As a statistician or data analyst, you would collect and analyse numerical information, and present your results in the form of graphs, charts, diagrams, tables and reports. It would be your job to identify trends and create models in order to forecast or estimate what might happen in the future.
Your work as a statistician could be used in a number of areas, including:
- Local and national government
- Market research
- Business, finance and insurance
- NHS management
- Crime analysis and forensics
In the public sector you could work for government agencies, research councils, and universities. Working for the government, for example, you might collect, analyse and publish information on population trends, the economy, the labour market, transport and crime. The information you produce would then be used to advise ministers and inform the press and the wider population.
In other industries or sectors, you might be involved in:
Your work would typically be office-based but might involve travelling to other locations to collect data. You would generally work around 40 hours a week, and occasionally longer to meet project deadlines.
Starting salaries for assistant statisticians can be between £20,000 and £27,000 a year. With experience this can rise to around £40,000 to £53,000.
Chief statisticians can earn up to £70,000.
The Government Statistical Services (GSS) is the biggest recruiter of statisticians in the UK, with over 1,000 staff in the Office for National Statistics (ONS) and other government departments.
The UK Statistics Authority website, that deals with recruitment on behalf of the GSS, states the only recruitment scheme taking place within the GSS is for Fast-Stream Assistant Statisticians. There is a complete recruitment ban for Statistical Officers for the forseeable future.
However, you may be able to find opportunities in universities, research institutes, the NHS, the pharmaceutical industry and in business.
For most jobs in statistics you will need a degree in statistics, mathematics or another numerate subject such as economics, operational research, psychology or a medical science.
To get on to a maths-based degree course, you will usually need five GCSEs (A-C) plus at least two A levels including maths. Check with colleges or universities for exact entry requirements. You can search for degree courses through the Universities and Colleges Admissions Service (UCAS) website.
Some four-year, 'sandwich' degree courses include a year in the workplace. The experience you gain during this time could give you an advantage when applying for work. The Civil Service website includes further advice on work experience and sandwich placement opportunities.
As an alternative to a degree, you could take a qualification such as the Royal Statistical Society (RSS) Graduate Diploma in Statistics.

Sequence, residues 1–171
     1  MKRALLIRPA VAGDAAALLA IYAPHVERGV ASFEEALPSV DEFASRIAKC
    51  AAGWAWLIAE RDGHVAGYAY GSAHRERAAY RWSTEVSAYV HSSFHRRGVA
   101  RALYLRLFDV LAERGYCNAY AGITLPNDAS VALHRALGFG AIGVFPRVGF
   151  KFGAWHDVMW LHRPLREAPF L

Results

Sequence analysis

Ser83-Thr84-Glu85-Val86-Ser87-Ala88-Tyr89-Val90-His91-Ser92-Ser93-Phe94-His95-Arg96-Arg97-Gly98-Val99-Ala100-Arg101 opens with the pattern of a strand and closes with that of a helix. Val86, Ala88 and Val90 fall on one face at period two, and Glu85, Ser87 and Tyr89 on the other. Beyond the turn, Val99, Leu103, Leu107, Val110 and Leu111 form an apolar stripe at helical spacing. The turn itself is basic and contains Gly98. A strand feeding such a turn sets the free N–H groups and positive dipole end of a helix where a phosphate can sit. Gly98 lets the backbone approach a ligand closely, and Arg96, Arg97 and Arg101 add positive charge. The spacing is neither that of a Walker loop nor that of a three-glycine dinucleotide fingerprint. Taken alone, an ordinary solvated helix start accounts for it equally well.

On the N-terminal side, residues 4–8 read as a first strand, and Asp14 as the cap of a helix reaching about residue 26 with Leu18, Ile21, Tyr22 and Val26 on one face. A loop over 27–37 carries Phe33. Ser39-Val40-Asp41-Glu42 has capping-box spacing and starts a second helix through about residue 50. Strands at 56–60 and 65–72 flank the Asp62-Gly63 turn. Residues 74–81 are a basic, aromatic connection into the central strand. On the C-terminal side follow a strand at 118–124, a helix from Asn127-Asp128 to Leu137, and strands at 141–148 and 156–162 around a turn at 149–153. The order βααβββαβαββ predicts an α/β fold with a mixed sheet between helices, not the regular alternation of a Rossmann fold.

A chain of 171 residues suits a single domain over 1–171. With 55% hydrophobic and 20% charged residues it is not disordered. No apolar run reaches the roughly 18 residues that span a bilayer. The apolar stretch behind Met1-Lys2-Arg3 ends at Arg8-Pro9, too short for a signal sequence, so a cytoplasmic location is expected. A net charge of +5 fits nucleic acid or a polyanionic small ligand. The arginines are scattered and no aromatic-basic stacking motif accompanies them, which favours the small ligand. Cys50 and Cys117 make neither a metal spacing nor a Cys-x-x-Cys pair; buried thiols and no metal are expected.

Some employers may also prefer you to have a postgraduate qualification (such as a Masters degree or PhD) and knowledge of statistical software packages (for example, Statistical Package for the Social Sciences (SPSS)).
The Government Statistical Service (GSS) runs a Fast-Stream Assistant Statistician recruitment scheme for high calibre graduates with a first or second class honours degree in a numerate subject. The GSS also recruits graduates (and those with equivalent and relevant experience) into the roles of statistical officer and temporary statistical officer, which can be a route into a permanent job in statistics.
As a new statistician, you would typically receive on-the-job training from your employer and work under the supervision of experienced staff in preparation for taking on your own projects and more responsibility.
You may also be encouraged to work towards Royal Statistical Society (RSS) qualifications, which are available at three levels: Ordinary Certificate, Higher Certificate and Graduate Diploma.
The RSS also awards Chartered Statistician (CStat) status to people with an honours degree or higher degree in statistics, plus at least four years' practical experience. See the RSS website for details.
If you do not already have a postgraduate qualification, you could study on a part-time basis towards a relevant Masters degree or PhD.
Oil Drilling Roustabouts and Roughnecks work as part of a small team on offshore oil or gas drilling rigs or production platforms. Roustabouts do unskilled manual labouring jobs on rigs and platforms, and Roughneck is a promotion from roustabout.
Roustabouts do basic tasks to help keep the rig and platform working efficiently and Roughnecks do practical tasks involved in the drilling operation, under the supervision of the driller.
A Data Analyst-Statistician needs:
Outside the GSS, companies are likely to employ only a few statisticians, so you may need to change employers to further your career.
With experience, you could progress into management, move into academic research, or choose to work as a freelance consultant.
Royal Statistical Society (RSS)
12 Errol Street, London EC1Y 8LX
Tel: 020 7638 8998
Additional resources for job seekers and those already in a job.